Kerala is living up to the exquisite title God's own country with so many heavenly places where you can see the divine touch of God. The lush greenery, pristine nature, gorgeous waterfalls and mighty mountains. Kerala can also be entitled as God's own Kitchen , because it can take you on a gastronomic journey with its mind blowing food items. It would not be an exaggeration if it is called India's Spice Hub. It is the spice quest that actually bought Vasco Da Gama to the beautiful land. You can only rarely find a local food without spices in Kerala. The rich cuisine is an inspired fusion of French, Malabari and Arabian influences with a touch of the unique culture of Kerala, each food is an experience. Your mouth would water with the aroma that reaches you from every street or house in Kerala. The diverse and distinct cuisine of Kerala and its tantalising flavours will keep you craving even after you return after the trip. You will only come in terms with the flavours only after a while, but later you will get hooked with the unique tastes. The international restaurant chain from Kerala have brought all those food mouth watery delights to the world. It is the interplay of flavours ,textures and taste buds igniting spices that makes you asking more food. Almost all food in Kerala is a mix of fresh coconut, green chillies, curry leaves, coconut oil, shallots and a dose of spices, everything packed with large amount of nutrients to give you a healthy palate.
Since most of the districts in Kerala comes in contact with the sea it serves as a home of enormous lip-smacking dishes prepared using seafood. Also it has a long list of other non vegetarian food including chicken, beef, duck, mutton and fish that can fill in the hungry tummy of visitors. The northern part of Kerala is rich with the culinary traditions of Malabari Muslims, the central part with outstanding credentials of vegetarian wedding cooks, scrumptious beef and seafood mainstays of Syrian Christians in central Kerala, and the south tip with flavoursome chicken dishes, all which makes Kerala truly a gourmand's delight.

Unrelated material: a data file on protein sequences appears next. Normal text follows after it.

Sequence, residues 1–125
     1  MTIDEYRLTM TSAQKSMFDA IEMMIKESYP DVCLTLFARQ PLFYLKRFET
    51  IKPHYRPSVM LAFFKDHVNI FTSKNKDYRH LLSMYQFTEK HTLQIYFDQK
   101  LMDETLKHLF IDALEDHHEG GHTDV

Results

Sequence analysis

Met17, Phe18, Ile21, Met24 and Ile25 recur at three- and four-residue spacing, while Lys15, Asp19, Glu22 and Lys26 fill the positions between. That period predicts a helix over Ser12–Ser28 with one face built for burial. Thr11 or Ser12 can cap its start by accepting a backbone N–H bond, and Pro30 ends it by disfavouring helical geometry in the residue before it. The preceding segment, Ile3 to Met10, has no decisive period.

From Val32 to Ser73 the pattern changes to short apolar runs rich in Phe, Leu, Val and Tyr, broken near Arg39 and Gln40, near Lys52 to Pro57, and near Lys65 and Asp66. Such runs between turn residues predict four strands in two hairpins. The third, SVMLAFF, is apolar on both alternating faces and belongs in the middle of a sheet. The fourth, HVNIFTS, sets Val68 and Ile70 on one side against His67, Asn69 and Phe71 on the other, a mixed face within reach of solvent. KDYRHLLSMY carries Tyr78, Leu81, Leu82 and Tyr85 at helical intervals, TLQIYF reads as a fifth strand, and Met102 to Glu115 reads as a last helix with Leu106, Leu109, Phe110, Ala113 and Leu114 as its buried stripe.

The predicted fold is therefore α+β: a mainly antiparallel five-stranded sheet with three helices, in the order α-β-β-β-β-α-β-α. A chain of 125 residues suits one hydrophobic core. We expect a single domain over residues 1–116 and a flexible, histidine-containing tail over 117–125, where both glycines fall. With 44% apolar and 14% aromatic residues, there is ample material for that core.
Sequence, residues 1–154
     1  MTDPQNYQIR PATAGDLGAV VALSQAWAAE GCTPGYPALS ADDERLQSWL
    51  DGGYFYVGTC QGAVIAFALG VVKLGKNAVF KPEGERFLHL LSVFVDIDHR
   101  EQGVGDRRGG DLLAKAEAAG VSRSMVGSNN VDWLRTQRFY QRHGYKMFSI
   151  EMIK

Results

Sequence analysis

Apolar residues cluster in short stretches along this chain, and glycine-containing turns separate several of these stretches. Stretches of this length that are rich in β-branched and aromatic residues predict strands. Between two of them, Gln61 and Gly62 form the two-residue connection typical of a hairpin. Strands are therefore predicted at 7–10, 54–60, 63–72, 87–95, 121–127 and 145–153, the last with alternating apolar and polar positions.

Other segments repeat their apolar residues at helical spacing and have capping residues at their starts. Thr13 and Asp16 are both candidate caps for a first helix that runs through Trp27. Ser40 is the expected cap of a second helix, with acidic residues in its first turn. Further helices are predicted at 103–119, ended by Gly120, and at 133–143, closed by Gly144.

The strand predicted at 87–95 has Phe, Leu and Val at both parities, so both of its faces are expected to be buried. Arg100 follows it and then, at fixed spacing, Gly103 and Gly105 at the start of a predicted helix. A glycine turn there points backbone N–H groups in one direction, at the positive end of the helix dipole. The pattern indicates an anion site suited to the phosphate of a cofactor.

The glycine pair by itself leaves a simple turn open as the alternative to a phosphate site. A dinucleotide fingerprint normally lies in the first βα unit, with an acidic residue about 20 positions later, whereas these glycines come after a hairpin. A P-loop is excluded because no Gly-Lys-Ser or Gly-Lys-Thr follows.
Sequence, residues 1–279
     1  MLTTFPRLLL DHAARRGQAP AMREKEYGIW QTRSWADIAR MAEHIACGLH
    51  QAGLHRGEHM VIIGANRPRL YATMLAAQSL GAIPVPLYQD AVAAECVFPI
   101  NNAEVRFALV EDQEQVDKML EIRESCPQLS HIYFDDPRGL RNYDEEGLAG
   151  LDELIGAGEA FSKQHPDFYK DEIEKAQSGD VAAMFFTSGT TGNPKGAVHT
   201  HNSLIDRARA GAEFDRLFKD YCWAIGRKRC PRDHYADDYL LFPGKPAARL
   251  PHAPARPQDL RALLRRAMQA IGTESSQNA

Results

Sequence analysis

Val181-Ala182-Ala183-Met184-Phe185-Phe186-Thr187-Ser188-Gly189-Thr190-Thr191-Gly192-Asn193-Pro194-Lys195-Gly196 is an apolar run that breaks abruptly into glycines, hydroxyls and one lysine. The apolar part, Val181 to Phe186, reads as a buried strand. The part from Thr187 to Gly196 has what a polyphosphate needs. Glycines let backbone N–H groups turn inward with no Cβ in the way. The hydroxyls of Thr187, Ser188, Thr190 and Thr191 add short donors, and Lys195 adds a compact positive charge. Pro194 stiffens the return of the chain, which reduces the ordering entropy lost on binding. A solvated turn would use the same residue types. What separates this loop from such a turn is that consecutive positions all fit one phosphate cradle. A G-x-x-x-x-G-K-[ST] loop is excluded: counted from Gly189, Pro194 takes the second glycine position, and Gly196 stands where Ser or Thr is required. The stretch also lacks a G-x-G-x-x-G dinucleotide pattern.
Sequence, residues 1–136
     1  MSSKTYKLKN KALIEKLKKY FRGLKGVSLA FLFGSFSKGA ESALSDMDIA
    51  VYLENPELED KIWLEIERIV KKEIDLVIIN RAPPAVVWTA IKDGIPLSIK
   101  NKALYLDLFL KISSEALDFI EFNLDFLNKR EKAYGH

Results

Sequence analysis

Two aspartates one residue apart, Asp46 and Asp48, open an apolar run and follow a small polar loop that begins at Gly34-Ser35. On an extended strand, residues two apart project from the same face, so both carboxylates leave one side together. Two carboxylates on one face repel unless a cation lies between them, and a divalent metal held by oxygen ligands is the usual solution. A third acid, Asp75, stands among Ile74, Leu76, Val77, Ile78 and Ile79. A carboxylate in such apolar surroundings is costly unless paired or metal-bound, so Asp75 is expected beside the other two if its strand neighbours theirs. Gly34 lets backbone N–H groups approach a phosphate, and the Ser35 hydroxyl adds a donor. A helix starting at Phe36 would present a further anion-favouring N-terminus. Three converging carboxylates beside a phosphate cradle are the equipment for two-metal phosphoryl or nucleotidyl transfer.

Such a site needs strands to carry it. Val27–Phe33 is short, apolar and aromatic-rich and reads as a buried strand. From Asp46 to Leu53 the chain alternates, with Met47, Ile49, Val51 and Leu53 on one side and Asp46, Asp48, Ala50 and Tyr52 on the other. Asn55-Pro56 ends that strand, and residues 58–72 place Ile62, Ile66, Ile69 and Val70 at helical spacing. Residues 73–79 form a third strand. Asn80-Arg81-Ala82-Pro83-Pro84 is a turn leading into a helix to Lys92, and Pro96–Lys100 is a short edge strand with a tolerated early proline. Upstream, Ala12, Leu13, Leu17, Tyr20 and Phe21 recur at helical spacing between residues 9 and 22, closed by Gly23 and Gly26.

Vast fortunes made and squandered, powerful rulers seduced, ailments cured, and nations discovered...all in the name of spice. Spice, a derivative of the Latin word "species," was used even during the medieval days. Our forefathers wrapped meat in the leaves of bushes, accidentally discovering that this enhanced the taste of the meat, as did certain nuts, seeds, berries and even bark.
In olden days, handful of cardamom worth as much as a poor man's yearly wages and many slaves were bought and sold for a few cups of peppercorns. According to historians, around 1000 BC Queen of Sheba visited King Solomon in Jerusalem to offer him "120 measures of gold, many spices, and precious stones."
The great Roman Empire was not outside the spell of "spices" either. Presumably, Cleopatra herself used a "very stimulating" food to seduce Caesar. Huge quantities of saffron were strewn on the streets of Rome to celebrate Nero's entrance into the city. Pepper, the spice of choice, was as omnipresent as garum iberico on the Roman tables. Without a doubt, spices had become status symbols.